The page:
Opportunities in your backyard

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Print this page By Beth A. Berk, CPA, CGMA, independent recruiter

Whether you live here, have lived here, vacationed here or just driven through on your way elsewhere, I think you will agree with me that Virginia is a beautiful state. For those who do live and work in Virginia, have you stopped to notice what and who are in your backyard?

When job seekers come to me, especially when there are potential commuting challenges or location limitations or they have been with their same employer for many years, I tell them to take out a map and draw a circle showing where they are willing to drive each day. I also suggest that they drive around within that to find out who is in their backyard in terms of types of employers. From my experience, most people who are working tend to be focused on the job in front in them, and are not even aware of what types of businesses are in their backyard! 

For employers, especially those that seek specifically skilled workers and may be located in smaller cities or towns, ideally they would like to hire those who are in their backyard. Assuming an employer does not wish to wait too long to hire or contribute toward relocation costs, what can a hiring professional do to attract or find a qualified skilled workers who may be in their backyard?

Many people need to work longer than expected and are potentially overlooked because they look overqualified on paper. But hiring professionals may be missing out on a great pool of potential employees.

I have learned, as have some of my clients, that hiring experienced workers turns into a true win-win situation. From my experience, many workers who have “been there, done that,” so to speak, are extremely happy when they can find an opportunity that allows them to contribute their knowledge and skills in an environment where they truly can add value.

Too often I see hiring professionals project from their own vantage point and career experiences. They will make assumptions about why someone may not want to work in the role they are offering or take what they perceive as a salary cut. They may also be holding out for a specific list of requirements that may not be easy to fill with less experienced workers, as opposed to looking at transferrable skills. It is also possible that the staff tasked to review resumes may not be able to see the forest through the trees.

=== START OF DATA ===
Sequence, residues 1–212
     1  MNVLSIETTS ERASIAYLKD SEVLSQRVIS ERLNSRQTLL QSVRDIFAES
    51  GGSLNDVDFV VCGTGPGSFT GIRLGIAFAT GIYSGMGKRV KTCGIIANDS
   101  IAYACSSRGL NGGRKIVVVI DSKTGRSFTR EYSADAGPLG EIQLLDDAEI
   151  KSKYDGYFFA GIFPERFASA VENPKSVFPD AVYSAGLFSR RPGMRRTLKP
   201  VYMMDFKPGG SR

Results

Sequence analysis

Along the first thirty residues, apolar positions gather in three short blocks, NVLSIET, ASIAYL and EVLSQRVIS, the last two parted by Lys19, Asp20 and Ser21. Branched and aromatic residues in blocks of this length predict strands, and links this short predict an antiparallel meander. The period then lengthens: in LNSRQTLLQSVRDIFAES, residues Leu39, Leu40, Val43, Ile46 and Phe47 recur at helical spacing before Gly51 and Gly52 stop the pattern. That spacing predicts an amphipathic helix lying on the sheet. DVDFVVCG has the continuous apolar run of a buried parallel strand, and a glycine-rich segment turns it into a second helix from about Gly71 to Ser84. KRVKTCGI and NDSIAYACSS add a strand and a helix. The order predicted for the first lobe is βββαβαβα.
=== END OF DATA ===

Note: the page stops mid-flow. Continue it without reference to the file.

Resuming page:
Based upon where someone is in his or her career lifecycle, one’s needs and wants change, and hiring professionals should consider this in their hiring process. So how does a hiring professional find this out without spending too much time to screen potential hires?

I would advise job seekers to write their résumé in a way that tells a story, accounts for all of their time (even if in summary form for their early career, while accounting for gaps), uses language that describes the roles and duties they have performed and what they have achieved, and includes the industries they have worked in and descriptions of their employers (e.g. privately held, family-owned, publicly traded, nonprofit, etc.). Job seekers should also use words that speak to transferable skills, quantify where necessary and even include why they left each job.

Job seekers should research employers of interest, inquire about an informational interview, network within their communities and more.  I would also suggest that you consider what I sometimes refer to as the “non-sexy” industries that offer stability, especially in today’s market, and industries where there may be less competition. 

I wanted to come up with an acronym opposite to “NIMBY”, which stands for “Not in My Backyard” for those Virginians who want to be a part of the “in my backyard” movement. I came up with “WIMBY”, “Working in My Backyard”.

Maybe you can create your own “in your backyard” acronym and movement or join me in my movement and philosophy. To employers and prospective employees, good luck in finding the right fit in your backyard!

Beth A. Berk, CPA, CGMA, is an independent recruiter who lives in Bethesda,  Md. She can be reached at BethABerk@msn.com or at 301-767-0670.

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